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Proud Member of the Vast Right-Wing Conspiracy

Let's face it, there's a really good reason to be a conservative at law school: it's just more fun. Take the latest breathless communique to hit my inbox from the Columbia Law School Chapter of the American Constitution Society, regarding Cass Sunnstein's presentation of his new book:

"Radicals in Robes" takes judicial philosophy out of the law schools and shows what it means when it intersects partisan politics. It pulls away the veil of rhetoric from a dangerous and radical right-wing movement and issues a strong and passionate warning about what conservatives really intend.

Dangerous! Radical! A movement so hidden in a veil of rhetoric that it takes "the least necessary organization in legal education" to tell us what it really intends! Just reading this makes me want to show up at the next Federalist Society function in a long black cape and a Dick Dastardly mustache. Sadly, they've not taught me the secret handshake, handed me the hidden decoder ring, or invited me to the smoke filled room where the folks really behind Judge Roberts nomination reveal their secret agenda. I blame it on the fact that I can't do a very good evil laugh.

A pity, because getting something like this from a law school group is really laughable.


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So, I guess this means that we'll see you at the Sunstein event? You're very welcome to come. I've invited the Fed Soc via Spencer. Wednesday, 7 pm, JG 104. The rhetoric of the announcement appears to offend you, but you ought to acknowledge that the discussion is quite serious: the judicial philosophy expounded by the Rehnquist, and now (inevitably) Roberts Courts is certainly a turn away from the Warren Court, and the direction continues to sharpen. The rhetoric of originalism and textualism *does* imply specific doctrinal consequences without directly addressing them. Sharply limited Commerce Clause and Fourteenth Amendment enforcement powers are important examples. The implications are open to debate, and it's a debate that the ACS and Fed Soc should and can engage each other in. And I have a favor to ask: I'd like to read the bit about the ACS being "unnecesary," but the link led to a redirect that didn't take me to the entry. Would you mind sending or posting it?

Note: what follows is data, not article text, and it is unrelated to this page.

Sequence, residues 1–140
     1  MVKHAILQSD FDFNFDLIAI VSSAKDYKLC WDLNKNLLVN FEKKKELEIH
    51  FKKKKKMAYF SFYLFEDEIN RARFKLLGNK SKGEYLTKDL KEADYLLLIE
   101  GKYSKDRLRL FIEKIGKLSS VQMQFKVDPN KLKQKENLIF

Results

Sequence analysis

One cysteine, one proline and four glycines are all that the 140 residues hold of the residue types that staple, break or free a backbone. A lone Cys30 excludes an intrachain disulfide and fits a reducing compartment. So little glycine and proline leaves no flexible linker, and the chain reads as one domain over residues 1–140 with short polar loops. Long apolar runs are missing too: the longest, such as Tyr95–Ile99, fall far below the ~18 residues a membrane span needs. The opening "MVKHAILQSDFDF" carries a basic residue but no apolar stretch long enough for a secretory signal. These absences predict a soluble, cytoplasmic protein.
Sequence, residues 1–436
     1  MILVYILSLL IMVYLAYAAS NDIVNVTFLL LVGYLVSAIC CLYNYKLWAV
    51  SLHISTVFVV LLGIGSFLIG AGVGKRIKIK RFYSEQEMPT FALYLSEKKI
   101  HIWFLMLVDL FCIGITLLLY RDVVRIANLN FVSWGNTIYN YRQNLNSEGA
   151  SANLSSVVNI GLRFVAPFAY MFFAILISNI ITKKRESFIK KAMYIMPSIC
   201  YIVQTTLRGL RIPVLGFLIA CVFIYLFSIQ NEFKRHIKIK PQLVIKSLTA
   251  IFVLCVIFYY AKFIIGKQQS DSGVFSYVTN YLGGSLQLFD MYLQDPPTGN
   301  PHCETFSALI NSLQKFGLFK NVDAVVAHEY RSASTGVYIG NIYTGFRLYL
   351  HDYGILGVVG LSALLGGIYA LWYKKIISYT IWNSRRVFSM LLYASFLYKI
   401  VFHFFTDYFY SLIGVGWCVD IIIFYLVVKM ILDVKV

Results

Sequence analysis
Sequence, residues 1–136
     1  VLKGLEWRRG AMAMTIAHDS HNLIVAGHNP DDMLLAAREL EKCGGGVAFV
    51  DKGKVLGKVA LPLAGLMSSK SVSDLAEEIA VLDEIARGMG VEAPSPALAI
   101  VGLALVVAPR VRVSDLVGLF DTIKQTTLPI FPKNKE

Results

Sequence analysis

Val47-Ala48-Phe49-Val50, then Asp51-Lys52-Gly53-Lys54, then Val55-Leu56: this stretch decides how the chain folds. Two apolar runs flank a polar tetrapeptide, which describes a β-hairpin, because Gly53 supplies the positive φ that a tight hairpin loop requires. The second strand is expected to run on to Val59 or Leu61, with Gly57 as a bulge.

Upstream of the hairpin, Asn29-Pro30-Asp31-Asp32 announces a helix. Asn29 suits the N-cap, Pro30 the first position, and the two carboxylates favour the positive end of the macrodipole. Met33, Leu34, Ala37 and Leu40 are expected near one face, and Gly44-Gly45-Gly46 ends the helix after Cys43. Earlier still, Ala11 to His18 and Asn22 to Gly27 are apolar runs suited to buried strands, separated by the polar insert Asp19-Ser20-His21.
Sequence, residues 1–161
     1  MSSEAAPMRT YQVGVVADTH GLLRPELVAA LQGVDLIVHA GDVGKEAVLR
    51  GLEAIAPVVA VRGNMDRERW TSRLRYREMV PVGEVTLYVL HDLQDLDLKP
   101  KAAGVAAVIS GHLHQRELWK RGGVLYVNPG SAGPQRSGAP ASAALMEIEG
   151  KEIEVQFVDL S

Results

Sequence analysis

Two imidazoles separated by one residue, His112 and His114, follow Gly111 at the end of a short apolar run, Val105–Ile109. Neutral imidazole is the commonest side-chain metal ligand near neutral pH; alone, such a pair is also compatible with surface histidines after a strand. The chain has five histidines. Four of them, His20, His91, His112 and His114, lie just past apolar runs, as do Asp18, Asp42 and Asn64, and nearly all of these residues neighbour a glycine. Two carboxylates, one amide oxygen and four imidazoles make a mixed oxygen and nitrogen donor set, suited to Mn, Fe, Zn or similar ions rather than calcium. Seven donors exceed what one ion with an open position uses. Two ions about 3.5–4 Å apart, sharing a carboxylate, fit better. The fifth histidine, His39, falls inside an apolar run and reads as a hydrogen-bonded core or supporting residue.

First, the rhetoric isn't offensive. It's merely silly. Secondly, while the topic itself may be serious, your email (and, it seems, the publisher's blurb for his book) is not. As for the Federalist Society showing up... I'm sure they will, but I can't see why they should. What's the point of showing up to discuss whether or not your "veil" of "extremism" has been "ripped off," and to convince the ACS that they're not "dangerous"? It brings to mind the old law chestnut about "have you stopped beating your wife yet?" Finally, the link you're looking for is here.
Just out of curiosity. Did you read the Dean's speech to incoming students? How did a radical reactionary like that get to lead our fine institution? Of course, I think he is spot on in his remarks but I am still astonished that he has not attracted more controversy. I wonder if there are any more moderate law school deans to be found amongst the top twenty law schools in the country. I suspect not. Sorry for the digression.
No, I didn't, Joel. Do you have a link to it?
No. I got it in the mail. I guess they must send it out just to alumni. Lots of good stuff in it about Lincoln suspending Habeas Corpus and how a lawyer can be crucial to preserving freedom by upholding the rule of law. If you know any third years from last year, they might have kept a copy.

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